All through the brutal Midwestern winters I endured during elementary and junior high school, I wielded the then-marvelous power of being one of the first kids to know if any given day was to be christened a snow day. For a time, my dad was the superintendent of our small-town district, so when the forecast looked reasonably Arctic, the power to decide whether the monolithic process of school would even happen that day — a power that, at the time, seemed roughly equivalent to that of Thor — resided in our house. If the phone rang before 6 a.m., it meant I could safely flick the off-switch on my alarm clock, sleep for a while and wake sometime later for a very big day of snowballs and Tetris.
Not to sound like one of those tiresome “everything was better about X when I was a kid” people, but when I was a kid, everything was better about snow days. The phrase itself was a code word for hours of maniacal fun, for compulsory playtime, for a vacation day illogically deposited midweek, for a meteorologically blessed block of time in which you were compelled to do nothing at all because even if you had a destination, you probably couldn’t drive to it. One 5:45 a.m. ring of the phone meant the day had exploded into a rainbow of possibility. By startling contrast, when my children’s school last week buzzed my phone four times — twice to report an initial two-hour delay and twice to report “Never mind, it’s gross outside and we’re bailing” — my response was more like this: OhfortheloveofPete.
In our house, snow days mean one thing: Cancel everything, the boys are staying home with me. My wife holds a health-care job that includes such outrageous requirements as “being present for surgeries,” and I have a job that involves drinking coffee in slippers and writing cantankerous essays at 8:15 in the morning, so it’s not exactly as if snow days cause a search for some parity-seeking compromise. On this most recent occasion, she was long gone before I got up, although she did make coffee.
This, of course, both stinks and is 100 percent agreeable, understandable and proper (and also, it stinks). Of course, there shouldn’t have been school, what with the ridiculously low wind chills, and the frozen bolts of rain streaming down the bizarrely twisty streets in our neighborhood. No one wants to send their kids out into Hoth, and no one wants buses out on unsalted country roads. But also, and at the risk of hammering home a point: OhfortheloveofPete.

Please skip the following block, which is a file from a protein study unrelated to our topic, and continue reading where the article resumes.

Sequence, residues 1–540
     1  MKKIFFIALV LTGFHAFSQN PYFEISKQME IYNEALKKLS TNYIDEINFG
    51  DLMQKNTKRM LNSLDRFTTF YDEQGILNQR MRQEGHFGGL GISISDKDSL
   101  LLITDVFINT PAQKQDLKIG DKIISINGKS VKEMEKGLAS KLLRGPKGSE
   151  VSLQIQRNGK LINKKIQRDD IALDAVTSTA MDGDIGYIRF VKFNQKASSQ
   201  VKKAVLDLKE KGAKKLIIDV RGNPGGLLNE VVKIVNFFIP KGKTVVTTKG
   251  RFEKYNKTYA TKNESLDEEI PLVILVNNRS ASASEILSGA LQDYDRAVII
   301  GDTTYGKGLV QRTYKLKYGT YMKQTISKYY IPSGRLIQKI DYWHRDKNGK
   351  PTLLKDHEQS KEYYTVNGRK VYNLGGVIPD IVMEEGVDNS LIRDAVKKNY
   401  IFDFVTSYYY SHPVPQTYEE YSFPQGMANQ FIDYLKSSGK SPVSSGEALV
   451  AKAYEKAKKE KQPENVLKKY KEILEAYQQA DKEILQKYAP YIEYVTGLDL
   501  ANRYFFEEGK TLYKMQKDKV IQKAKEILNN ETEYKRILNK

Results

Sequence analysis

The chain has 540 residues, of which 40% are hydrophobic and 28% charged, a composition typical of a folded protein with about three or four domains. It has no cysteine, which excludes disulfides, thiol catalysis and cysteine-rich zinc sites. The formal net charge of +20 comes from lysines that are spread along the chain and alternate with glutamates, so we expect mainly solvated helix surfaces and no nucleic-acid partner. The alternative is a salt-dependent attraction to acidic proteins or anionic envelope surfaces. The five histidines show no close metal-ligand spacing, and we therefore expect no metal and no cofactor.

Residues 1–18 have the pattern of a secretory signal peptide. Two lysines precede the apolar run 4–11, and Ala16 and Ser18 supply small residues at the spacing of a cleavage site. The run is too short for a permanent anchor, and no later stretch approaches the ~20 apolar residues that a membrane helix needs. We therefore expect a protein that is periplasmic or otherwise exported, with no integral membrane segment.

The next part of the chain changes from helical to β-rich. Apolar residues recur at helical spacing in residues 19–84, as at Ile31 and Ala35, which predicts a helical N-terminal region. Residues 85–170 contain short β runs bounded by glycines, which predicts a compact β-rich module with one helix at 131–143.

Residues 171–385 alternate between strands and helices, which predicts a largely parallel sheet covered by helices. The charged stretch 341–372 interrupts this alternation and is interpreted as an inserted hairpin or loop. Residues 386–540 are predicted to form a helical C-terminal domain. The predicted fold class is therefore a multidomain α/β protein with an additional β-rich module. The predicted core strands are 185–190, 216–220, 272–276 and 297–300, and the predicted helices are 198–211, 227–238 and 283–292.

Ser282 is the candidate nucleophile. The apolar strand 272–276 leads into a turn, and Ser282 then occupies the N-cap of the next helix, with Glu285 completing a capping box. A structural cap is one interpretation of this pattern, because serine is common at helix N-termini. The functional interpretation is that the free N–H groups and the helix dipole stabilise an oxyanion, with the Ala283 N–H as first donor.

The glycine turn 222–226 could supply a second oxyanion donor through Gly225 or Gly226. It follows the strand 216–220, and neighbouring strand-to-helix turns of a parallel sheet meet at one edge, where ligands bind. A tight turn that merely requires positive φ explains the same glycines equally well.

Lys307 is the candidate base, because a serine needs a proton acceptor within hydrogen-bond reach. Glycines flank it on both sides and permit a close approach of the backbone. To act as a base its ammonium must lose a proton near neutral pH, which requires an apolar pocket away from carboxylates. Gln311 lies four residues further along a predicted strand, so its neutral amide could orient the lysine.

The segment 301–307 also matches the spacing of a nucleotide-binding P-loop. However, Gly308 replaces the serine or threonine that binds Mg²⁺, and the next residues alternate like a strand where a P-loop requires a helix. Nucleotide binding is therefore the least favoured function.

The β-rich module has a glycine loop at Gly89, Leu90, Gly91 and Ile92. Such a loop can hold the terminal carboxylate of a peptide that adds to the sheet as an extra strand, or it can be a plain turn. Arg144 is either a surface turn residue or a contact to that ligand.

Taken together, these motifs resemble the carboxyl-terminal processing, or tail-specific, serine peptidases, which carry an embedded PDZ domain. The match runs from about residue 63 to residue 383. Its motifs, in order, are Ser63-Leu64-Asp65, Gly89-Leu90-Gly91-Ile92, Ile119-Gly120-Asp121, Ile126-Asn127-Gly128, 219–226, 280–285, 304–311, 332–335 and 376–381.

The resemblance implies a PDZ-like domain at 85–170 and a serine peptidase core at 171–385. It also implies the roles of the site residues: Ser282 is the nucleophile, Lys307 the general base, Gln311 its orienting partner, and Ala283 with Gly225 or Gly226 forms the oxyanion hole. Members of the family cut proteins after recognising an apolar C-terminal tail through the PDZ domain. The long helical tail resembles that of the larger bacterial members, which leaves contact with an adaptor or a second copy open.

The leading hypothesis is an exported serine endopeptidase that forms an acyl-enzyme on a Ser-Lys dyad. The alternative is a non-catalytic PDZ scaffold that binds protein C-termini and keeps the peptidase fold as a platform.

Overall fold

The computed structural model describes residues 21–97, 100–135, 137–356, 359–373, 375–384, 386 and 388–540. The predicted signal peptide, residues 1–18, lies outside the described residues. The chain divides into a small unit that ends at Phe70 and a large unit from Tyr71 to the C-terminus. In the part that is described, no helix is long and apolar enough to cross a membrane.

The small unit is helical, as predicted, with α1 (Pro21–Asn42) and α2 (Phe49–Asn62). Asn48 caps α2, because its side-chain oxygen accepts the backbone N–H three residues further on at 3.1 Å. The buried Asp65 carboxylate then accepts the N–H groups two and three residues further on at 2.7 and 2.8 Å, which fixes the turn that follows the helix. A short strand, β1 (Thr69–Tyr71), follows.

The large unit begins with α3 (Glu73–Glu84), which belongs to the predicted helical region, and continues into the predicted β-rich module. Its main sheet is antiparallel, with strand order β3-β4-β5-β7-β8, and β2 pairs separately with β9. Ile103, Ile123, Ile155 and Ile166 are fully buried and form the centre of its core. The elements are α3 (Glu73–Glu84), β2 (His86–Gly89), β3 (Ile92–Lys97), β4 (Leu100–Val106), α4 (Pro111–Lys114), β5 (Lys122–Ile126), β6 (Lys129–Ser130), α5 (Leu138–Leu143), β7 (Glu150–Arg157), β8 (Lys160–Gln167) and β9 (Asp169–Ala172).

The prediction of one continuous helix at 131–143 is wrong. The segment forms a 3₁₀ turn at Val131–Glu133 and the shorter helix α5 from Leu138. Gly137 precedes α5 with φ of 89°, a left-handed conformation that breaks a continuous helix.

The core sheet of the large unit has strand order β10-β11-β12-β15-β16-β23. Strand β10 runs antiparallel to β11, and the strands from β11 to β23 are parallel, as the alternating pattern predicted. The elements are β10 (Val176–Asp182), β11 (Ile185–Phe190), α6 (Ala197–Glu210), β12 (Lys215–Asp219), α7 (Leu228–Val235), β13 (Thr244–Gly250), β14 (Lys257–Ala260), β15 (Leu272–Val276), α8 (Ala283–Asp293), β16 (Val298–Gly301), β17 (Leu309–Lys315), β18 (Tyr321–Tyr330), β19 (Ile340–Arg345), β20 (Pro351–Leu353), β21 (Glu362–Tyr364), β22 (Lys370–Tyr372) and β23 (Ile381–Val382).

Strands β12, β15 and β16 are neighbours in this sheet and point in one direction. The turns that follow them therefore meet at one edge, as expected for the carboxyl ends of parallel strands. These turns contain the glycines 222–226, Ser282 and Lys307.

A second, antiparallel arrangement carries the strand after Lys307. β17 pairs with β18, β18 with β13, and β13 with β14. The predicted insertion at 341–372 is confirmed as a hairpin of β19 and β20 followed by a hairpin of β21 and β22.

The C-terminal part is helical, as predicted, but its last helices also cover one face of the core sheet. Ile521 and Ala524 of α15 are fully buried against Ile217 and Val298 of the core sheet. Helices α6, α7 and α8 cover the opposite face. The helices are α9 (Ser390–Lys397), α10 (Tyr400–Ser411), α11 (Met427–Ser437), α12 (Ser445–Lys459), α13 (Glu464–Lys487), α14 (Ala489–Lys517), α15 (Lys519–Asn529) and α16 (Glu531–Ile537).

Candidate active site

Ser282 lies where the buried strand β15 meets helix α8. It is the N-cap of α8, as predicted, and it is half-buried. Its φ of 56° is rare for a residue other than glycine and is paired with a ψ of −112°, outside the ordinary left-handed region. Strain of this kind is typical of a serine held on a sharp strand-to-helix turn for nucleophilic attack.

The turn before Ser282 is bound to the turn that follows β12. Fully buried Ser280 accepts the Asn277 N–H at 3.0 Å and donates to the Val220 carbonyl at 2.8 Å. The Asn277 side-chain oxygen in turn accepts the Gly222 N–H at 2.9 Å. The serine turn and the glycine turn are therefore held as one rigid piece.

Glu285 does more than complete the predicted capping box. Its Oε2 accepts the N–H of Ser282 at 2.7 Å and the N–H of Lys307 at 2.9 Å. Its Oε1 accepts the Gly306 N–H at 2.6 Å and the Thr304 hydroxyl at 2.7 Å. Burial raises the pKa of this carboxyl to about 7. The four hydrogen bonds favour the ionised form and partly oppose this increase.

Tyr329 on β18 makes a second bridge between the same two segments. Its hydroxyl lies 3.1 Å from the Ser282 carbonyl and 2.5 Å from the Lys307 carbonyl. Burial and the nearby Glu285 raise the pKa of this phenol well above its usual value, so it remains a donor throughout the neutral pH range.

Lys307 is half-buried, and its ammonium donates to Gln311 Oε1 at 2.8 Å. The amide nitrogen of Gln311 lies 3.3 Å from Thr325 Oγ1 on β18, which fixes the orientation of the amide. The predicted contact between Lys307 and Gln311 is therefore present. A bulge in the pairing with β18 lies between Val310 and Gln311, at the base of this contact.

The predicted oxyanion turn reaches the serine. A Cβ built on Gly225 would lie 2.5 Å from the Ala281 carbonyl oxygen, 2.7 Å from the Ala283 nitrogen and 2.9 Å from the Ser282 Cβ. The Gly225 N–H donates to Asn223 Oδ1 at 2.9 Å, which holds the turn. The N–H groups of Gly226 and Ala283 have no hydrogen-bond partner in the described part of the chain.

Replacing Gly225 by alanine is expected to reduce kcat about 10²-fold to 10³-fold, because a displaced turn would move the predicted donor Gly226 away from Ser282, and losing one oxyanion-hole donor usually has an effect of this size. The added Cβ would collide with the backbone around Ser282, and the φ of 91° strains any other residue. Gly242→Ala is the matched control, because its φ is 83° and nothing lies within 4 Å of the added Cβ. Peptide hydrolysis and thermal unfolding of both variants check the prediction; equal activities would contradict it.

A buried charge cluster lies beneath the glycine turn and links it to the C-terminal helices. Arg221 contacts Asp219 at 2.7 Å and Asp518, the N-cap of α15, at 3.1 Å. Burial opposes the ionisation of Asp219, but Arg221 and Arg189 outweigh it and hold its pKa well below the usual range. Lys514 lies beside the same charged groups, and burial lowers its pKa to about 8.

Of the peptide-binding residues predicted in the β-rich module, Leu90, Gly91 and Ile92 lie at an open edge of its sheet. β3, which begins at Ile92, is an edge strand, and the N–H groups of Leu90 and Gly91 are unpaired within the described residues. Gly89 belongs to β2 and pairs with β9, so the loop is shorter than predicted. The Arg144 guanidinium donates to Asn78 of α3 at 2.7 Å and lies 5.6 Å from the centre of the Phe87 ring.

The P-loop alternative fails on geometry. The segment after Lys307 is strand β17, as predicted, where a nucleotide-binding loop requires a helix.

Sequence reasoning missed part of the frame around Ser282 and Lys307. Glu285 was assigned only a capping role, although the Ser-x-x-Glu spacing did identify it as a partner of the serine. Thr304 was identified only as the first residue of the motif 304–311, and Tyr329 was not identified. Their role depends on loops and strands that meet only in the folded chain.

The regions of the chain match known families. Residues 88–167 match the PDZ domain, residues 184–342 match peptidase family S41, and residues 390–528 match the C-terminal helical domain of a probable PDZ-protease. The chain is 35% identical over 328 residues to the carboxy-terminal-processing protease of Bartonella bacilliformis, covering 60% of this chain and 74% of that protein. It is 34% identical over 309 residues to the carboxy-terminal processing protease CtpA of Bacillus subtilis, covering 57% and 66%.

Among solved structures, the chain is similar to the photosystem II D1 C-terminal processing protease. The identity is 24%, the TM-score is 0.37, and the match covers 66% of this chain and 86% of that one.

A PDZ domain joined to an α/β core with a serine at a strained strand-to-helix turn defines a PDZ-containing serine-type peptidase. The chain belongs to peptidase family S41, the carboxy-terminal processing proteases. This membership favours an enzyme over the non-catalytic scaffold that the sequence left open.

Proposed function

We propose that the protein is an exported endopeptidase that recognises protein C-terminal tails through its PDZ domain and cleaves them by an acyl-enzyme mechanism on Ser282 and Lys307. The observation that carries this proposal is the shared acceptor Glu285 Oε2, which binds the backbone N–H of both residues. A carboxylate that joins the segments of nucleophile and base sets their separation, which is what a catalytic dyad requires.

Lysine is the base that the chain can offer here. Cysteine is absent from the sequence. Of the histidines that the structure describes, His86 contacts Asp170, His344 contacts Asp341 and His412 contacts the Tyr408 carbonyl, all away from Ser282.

I don’t feel good about this attitude. When you’re the stay-home parent, snow days offer boundless opportunities for dedicated kid time. They are a chance to play with the Christmas haul, to dust off some of those dinosaur-excavation kits in the closet, to make a fresh mess in the living room, to build numerous and diverse forts, to arrange all the Hot Wheels in the proper spots in their garage, and to make at least one steaming batch of hot chocolate. But exactly none of this happened, because the kids were upstairs watching “Phineas and Ferb” while I was downstairs writing cantankerous columns about snow days.
When you’re the stay-home parent, the first few hours of the snow day are spent cramming in as much of the day’s work as possible, not unlike a Florida-bound tourist attempting to shove his life into an overhead compartment. The kids will be up soon, so I have (makes calculations) 75 minutes for emailing! Pitching! Pop-Tart heating! Interview rescheduling! Honey Nut Cheerios-slurping! Wondering if that noise upstairs is the kindergartner fumbling out of his bed, and if it is, how long can I plop him in front of Netflix before he gets all needy about breakfast? Trying to figure out if the eighth-grader can babysit for the morning while I go to Starbucks to approximate some degree of a work day since the chances are very good they’ll spend the morning playing “Mario Kart” anyway! And then, generally, more emailing.
Of course, I acknowledge being incredibly lucky that a snow day involves only this relatively paltry degree of adjustment. But if you’re the stay-at-home parent, the one who’s assumed to be handling the domestic role, even if you know it’s the only logical arrangement, even if you know your wife’s patient probably would like his surgery done today, even if you know you’d rather not have whale shark-size school buses slip-sliding all over the roads, it still feels like a burned opportunity, a day that won’t be used to its potential. Instead, my attention will be pulled in at least three directions: older son, younger son and whatever blinky thing on my computer that demands my attention. I wish this piece had a resonant end to it, some lesson or insight I glean from staring wistfully into the carpet of glittering white in the front yard, something more than wondering if this is what my mom felt when the phone rang at 6 a.m. But, alas, it doesn’t.
On the plus side, the boys and I got in an awful lot of “Mario Kart.”
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